Doesn't seem like enough. The renewal documents I just signed that allow access to certain sensitive items explicitly expose me to fines of up to $2M a _day_ and 10yrs in prison, and that's just for non-compliance, let alone premeditated criminal fraud.
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Just 10 years for this, it is shocking.
i
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On Nov 23, 11:27 am, Ignoramus21476 <ignoramus21...@NOSPAM. 21476.invalid> wrote:

Yeah, the USSR knew how to deal with people like that!
Paul
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In the "old days" he would be lucky to die with any teeth still remaining. That said, they had a lot of quality problems, caused by other things, such as rushing things into production and cutting corners.
i
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I once worked in a small start up that had a Russian technician. There was a problem with one of the written assembly procedures. As the engineer, I was showing him the new method before the new procedure was written. He was aghast. He said in the USSR if anyone deliberately deviated from the written procedure in any way, for good or bad, he would be prosecuted for sabotage. Of course in that case particular case, sticking with the old procedure until the new one was written and ECO'd would have meant building many bad assemblies that would have had to have been re-worked.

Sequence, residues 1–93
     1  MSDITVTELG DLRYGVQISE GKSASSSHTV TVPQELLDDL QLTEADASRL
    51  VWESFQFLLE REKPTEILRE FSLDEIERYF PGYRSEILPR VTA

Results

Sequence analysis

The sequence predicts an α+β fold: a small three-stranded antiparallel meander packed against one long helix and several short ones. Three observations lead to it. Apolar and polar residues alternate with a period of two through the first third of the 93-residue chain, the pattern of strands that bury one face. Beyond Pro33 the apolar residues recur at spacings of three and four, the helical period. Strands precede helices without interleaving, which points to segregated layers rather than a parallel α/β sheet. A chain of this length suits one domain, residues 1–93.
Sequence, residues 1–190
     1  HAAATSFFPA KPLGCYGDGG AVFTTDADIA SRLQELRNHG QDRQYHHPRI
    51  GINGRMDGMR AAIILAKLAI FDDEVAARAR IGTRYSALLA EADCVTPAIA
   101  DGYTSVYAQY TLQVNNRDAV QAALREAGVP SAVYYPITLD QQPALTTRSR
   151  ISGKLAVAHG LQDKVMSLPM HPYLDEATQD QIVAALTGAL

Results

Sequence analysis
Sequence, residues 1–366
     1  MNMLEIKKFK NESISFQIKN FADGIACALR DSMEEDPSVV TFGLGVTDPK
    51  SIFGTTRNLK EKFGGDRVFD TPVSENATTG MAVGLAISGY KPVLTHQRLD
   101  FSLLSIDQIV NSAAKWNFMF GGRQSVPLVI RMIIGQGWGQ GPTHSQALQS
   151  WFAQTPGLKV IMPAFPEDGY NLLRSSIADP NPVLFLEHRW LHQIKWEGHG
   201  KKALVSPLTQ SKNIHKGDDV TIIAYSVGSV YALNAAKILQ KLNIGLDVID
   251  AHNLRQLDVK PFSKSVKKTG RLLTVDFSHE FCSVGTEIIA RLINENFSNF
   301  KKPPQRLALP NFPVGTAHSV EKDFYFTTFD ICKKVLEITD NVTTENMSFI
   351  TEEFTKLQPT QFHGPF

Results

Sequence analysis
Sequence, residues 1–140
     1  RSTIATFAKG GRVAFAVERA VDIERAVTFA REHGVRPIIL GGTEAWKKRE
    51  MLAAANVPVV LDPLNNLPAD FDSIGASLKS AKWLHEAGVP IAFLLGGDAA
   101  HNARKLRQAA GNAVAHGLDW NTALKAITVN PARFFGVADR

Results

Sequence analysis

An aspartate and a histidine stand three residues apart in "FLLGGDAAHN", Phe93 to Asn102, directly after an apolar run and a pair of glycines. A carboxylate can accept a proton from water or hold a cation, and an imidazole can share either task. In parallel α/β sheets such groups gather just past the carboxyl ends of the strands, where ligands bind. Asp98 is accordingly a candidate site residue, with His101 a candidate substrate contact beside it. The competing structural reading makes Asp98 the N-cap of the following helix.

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On 11/23/2010 11:27 AM, Ignoramus21476 wrote: